Are you a high school or college student? Are you looking to get into a career in politics? Maybe you hate politics, but want to gain a better understanding of how it functions? Perhaps you’re simply tired of your boring routine and want to try something wholly different while making (a little) money at the same time.
Working as a page at the Rhode Island State House just might be the life for you.
“I think the pages perform a great duty up there,” said Michael McCaffrey, Rhode Island Senate Majority Leader.
Anybody 15 or older by Jan 1 of a new legislative session and who is currently enrolled in high school or college can be a page. To become a page, one can simply contact their district’s representative or state senator and express the interest in becoming one. New pages are compensated with a daily stipend of $30, and head pages – those who coordinate other pages and have more responsibilities – make $50 a day.
“Most of them only work one day a week,” said Frank McCabe, who has helped coordinate the State House page program for 12 years now. “They’re not in it for the money.”
Pages are essential cogs to the workings of the state’s legislative branch. They are the runners, the messengers, the delivery boys and girls who allow the elected officials to focus on their work – crafting bills, debating provisions and shaping the laws of Rhode Island.
McCabe described how each Representative has a button on their work desk, which will trigger a light and indicate to a page that they are being requested to perform a task.
“It could be anything,” said McCabe. “[Legislators] might want a particular Rep. to sign onto their bill...most of the time it’s tasks like somebody needing a bottle of water or they need something to be delivered to the library, or ‘Could you give this to the Speaker?’”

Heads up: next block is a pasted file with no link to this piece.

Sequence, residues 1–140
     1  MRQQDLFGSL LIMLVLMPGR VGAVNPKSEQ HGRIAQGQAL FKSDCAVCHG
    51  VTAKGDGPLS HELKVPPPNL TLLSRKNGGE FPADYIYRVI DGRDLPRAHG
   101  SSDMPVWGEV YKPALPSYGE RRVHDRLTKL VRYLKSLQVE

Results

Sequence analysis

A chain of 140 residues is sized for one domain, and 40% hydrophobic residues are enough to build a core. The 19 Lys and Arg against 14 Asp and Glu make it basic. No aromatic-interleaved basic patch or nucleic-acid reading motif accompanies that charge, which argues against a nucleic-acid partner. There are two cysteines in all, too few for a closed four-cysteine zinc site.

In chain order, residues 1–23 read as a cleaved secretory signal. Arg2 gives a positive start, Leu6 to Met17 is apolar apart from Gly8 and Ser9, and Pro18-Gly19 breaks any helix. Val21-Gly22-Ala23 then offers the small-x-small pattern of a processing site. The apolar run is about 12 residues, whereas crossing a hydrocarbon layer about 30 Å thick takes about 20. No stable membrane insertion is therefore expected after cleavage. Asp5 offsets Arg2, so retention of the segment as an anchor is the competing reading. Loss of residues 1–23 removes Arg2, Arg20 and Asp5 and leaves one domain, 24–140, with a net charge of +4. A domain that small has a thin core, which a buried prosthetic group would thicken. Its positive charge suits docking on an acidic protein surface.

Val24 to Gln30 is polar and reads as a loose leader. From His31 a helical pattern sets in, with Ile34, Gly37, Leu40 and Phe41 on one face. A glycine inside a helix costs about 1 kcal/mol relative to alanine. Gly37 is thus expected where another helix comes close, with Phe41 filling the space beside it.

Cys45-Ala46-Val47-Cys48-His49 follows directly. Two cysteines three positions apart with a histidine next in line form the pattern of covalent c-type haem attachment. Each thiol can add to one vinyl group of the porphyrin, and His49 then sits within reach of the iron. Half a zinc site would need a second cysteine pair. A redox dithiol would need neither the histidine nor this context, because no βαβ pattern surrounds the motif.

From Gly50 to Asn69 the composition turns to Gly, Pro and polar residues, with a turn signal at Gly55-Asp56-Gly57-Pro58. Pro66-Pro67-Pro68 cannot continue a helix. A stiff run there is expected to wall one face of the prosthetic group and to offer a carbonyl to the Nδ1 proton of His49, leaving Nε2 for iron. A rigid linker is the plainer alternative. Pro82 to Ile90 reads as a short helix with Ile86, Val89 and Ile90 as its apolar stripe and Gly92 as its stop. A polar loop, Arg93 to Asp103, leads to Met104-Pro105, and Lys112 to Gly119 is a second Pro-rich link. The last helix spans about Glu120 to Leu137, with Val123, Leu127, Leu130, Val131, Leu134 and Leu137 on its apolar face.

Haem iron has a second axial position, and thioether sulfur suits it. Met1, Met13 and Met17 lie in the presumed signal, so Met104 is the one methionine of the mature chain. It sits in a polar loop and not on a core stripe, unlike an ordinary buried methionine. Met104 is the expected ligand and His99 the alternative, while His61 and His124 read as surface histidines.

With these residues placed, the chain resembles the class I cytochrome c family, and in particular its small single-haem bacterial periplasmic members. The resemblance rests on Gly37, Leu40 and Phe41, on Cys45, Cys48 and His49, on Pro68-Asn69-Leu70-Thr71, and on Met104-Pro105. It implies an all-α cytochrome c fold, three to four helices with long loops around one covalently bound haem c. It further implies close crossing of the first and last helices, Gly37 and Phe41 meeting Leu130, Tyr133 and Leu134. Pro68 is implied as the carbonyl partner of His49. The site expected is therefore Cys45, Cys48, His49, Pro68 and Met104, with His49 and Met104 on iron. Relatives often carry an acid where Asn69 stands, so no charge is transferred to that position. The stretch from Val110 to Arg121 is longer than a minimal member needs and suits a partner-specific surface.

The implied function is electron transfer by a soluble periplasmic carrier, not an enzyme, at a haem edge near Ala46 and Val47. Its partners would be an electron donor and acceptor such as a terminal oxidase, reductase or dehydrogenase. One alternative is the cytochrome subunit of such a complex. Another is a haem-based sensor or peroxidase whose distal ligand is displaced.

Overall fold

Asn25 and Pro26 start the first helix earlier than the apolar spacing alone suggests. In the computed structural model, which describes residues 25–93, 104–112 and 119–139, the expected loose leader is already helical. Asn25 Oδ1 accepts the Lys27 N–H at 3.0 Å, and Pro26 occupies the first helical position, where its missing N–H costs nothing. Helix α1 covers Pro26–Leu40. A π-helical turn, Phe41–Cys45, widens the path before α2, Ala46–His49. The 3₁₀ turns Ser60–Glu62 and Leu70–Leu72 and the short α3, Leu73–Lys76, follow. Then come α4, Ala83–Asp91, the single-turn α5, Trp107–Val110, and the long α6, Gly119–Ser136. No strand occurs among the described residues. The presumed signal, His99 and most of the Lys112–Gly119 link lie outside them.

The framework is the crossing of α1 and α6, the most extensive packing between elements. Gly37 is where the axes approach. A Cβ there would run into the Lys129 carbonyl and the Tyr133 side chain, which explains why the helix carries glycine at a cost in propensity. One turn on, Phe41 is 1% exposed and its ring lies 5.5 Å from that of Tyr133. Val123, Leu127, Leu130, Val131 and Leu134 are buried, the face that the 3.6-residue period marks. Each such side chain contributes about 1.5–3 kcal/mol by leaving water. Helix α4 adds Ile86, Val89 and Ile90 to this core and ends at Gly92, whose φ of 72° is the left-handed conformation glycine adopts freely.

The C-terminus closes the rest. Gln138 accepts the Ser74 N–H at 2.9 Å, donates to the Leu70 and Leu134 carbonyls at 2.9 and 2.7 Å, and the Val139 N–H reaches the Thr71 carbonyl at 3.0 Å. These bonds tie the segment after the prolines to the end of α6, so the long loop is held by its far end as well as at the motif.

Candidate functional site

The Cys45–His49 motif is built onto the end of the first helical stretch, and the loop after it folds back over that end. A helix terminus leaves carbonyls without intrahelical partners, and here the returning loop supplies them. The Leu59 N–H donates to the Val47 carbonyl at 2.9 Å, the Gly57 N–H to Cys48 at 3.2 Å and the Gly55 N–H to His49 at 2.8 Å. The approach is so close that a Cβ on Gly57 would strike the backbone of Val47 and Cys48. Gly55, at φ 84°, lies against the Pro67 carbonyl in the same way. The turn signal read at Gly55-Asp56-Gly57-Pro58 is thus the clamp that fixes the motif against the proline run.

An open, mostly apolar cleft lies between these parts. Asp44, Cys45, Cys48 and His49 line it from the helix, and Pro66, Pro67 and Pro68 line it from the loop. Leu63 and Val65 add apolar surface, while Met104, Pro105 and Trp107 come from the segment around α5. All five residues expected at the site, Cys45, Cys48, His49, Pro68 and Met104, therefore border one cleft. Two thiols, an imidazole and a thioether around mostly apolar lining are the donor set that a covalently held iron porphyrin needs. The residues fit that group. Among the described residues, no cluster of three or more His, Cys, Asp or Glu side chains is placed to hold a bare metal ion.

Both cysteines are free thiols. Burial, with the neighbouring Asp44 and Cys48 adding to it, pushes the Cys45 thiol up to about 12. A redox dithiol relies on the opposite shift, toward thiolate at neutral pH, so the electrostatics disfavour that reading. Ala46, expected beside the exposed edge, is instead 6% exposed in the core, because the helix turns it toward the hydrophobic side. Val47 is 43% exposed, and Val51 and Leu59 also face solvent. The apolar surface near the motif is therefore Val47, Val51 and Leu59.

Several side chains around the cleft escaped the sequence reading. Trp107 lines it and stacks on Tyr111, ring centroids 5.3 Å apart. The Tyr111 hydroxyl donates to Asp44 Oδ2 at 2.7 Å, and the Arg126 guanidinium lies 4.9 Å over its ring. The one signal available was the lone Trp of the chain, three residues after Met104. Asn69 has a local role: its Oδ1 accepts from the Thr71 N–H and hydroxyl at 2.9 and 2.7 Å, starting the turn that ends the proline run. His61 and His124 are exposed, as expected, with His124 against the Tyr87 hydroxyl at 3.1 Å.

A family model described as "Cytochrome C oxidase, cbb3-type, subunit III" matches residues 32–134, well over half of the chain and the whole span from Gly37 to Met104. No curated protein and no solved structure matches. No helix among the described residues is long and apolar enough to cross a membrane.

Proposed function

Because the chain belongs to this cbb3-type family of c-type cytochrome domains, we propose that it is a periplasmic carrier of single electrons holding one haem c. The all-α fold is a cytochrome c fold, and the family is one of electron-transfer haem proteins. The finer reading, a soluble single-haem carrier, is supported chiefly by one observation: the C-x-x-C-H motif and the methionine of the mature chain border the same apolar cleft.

“For lack of a better word I’d call it ‘hectic,’” said Dylan Parra, a Warwick native and incoming senior at Mount St. Charles Academy in Woonsocket, reflecting on his first year as a page for the Rhode Island House of Representatives.
Parra’s first legislative session was a head scratcher for even seasoned veterans of the State House as House Speaker Nicholas Mattiello sent the House home abruptly on the afternoon of June 30, the last day of the session, due to a clash over a last-minute amendment to the state budget made by the Rhode Island Senate.
“On top of everything that happened this year, I’d say it was especially hectic,” Parra recalled. “It was a lot of fun though. That’s part of it. It’s almost like it was out of a movie.”
“I wasn’t expecting that to be my last day,” said Johnston native, Allie Saker, who started working as a page at 16 and rose through the ranks to become a head page at 21. “I remember it was a nice day outside and we all kind of sat there confused and then once we figured out what was happening, it was like we were done for the summer too and we bolted out there.”
For Saker, becoming a page did not stem from a love of politics, but she was open to the opportunities it presented.
“I didn’t think I would stay there long because I wasn’t really a fan of politics,” she said. “The more I started listening the more I realized how important politics are. It opened up a different side of me and made me realize how important community involvement is and listening to opposing sides of an argument.”
According to McCabe, it is no surprise that this attitude eventually led Saker to become a head page.
“It’s very much up to the individual student [what they get out of being a page],” he said. “If they don’t have an interest in the process it’s not going to help them very much. If you pay attention…it gives them more of a reality dose. Making law is not an easy thing to do and is the essence of it is compromise. I think if the kids pay attention they’re going to see how that happens.”
Pages have an opportunity to make connections with many connected individuals, and they have an opportunity to get a look behind the curtains of government. According to McCabe and House Majority Leader, K. Joseph Shekarchi, many former and current representatives started out as pages.
“It’s a great educational experience to really see how government works up front. Some of the pages have really gone onto great things,” said Shekarchi, a former page himself. “The pages I interact with are young, high-achieving adults and they’re destined for great things in life.”
“I think it’s a great opportunity for kids,” Saker said. “I think it’s important for everyone to know about. There’s so much valuable experience you can gain...It’s something that I’ll never forget.”